Rebecca had been going with us, and she backed out. She is the person who knew all of the songs, and in fact, the show is just an excuse to string the popular songs from Motley Crue into a pleasant evening's entertainment (or an unpleasant evening's entertainment, if you go with the critique of the show).

Theatre Poster for Rock of Ages
A blogger had said that the show has been running two years in the U.S., and that if it is viewed as pure entertainment, just a night of fun, that what the critics are narrowing in on can be overlooked.

I was pleasantly surprised, or else the reviewer is right, and I was thinking things were going to be so bad, that no show could reach as low as my expectations had fallen.


What was fun?

First of all, the narrator of the show who turns to the audience and helps the plot line along for us, had a coarse humour that entertained many in the audience.

Amusing theatrical devices from other musicals peppered this show: a dog coming across the stage (Legally Blonde), the band in the centre of the stage (Jersey Boys, Backbeat, Chicago), confetti and streamers falling on the audience (Matilada), humorous German stereotypes (The Producers), a closing scene that wraps up what happens to all of our characters (Rent), and we see the hippy/rock culture, of California (Hair). A show is working pretty hard when it pays homage to so many shows that have preceded it.

Double Decker Bus in front of Shaftsbury Theatre
I missed the rock concerts of the 60’s, 70’s, 80’s and 90’s. That makes me a table rasa when it comes to an informed critique of what I saw last night. The best I have done so far is to attend the Salmon Arm Roots and Blues Festival. I am no match for real musical theatre critics. I don’t understand the tradition of the audience lighting candles or cigarette lighters and waving them to the music. People continue that tradition in this show. At the front exists of the theatres, two users cue  with their own lit cell phones, cue the audience, waving their own phones in half moons over their heads. Within eight bars, the theatre is full of bodies swaying and arms waving cell phones high overhead. When the song is over, the cell phones go back in people's laps until the ushers cue the audience again. That was fun!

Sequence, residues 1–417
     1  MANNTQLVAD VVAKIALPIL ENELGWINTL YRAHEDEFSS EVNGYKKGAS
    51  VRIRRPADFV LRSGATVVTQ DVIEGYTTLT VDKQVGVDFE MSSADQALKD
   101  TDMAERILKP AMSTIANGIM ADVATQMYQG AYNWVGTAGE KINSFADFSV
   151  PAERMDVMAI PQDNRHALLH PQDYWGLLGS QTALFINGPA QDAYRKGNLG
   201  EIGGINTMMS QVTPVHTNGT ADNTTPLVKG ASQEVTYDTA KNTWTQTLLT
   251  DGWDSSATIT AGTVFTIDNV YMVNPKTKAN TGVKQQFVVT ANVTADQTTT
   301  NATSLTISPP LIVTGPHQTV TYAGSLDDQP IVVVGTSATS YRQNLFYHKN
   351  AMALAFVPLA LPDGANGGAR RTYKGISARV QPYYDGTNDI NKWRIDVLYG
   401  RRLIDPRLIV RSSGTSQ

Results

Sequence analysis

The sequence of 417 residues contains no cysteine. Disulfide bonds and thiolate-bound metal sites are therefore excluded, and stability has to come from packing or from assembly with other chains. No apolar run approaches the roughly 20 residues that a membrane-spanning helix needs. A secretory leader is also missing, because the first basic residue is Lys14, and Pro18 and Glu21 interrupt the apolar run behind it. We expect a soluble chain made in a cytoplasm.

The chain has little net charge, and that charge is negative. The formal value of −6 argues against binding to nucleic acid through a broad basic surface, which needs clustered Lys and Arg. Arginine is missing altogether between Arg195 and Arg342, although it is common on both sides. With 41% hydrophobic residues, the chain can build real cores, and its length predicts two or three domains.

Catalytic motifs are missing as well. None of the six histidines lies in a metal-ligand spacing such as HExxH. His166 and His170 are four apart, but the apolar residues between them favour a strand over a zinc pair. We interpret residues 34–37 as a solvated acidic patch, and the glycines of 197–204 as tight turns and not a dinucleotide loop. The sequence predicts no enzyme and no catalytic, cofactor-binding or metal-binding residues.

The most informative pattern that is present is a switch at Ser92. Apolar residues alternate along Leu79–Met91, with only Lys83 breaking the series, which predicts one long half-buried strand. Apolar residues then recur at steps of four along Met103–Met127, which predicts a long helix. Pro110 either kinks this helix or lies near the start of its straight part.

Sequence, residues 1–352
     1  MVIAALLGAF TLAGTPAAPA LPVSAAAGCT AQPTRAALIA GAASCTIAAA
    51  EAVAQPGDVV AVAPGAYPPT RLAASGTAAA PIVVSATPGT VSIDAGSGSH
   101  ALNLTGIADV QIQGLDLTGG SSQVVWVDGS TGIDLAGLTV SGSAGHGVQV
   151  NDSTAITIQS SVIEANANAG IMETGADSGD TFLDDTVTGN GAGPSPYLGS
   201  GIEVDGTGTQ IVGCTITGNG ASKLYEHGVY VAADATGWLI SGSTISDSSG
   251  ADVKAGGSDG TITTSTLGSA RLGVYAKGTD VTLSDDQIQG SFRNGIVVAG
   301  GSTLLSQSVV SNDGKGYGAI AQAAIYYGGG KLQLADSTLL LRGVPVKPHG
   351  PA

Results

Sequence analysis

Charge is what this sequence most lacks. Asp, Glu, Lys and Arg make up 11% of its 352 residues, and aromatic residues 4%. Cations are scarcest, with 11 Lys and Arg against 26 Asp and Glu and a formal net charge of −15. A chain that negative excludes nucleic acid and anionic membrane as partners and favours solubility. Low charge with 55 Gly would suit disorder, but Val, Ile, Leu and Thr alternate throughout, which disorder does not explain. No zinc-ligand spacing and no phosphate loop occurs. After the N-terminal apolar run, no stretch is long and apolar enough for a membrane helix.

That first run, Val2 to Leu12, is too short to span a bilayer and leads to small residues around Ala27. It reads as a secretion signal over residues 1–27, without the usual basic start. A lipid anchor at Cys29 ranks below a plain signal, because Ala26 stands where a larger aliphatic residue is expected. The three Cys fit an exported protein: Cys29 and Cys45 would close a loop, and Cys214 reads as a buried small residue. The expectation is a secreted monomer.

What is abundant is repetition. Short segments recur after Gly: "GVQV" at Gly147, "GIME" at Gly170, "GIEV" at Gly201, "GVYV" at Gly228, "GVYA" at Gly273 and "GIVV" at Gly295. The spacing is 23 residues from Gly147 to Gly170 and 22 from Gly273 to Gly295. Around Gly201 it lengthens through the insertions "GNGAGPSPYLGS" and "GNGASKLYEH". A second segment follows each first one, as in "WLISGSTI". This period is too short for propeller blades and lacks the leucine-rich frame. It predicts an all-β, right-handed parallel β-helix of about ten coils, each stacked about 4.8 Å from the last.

The younger performers are amazing. The dance, they act, they play musical instruments, and they have fabulous voices. I was wondering who else would like this show.

I would recommend the show to Glen and Janet, Steve and Rebecca, ... anyone who loved the songs from the Motley Crue era.


Thursday, February 23, 2012

Diaper Cake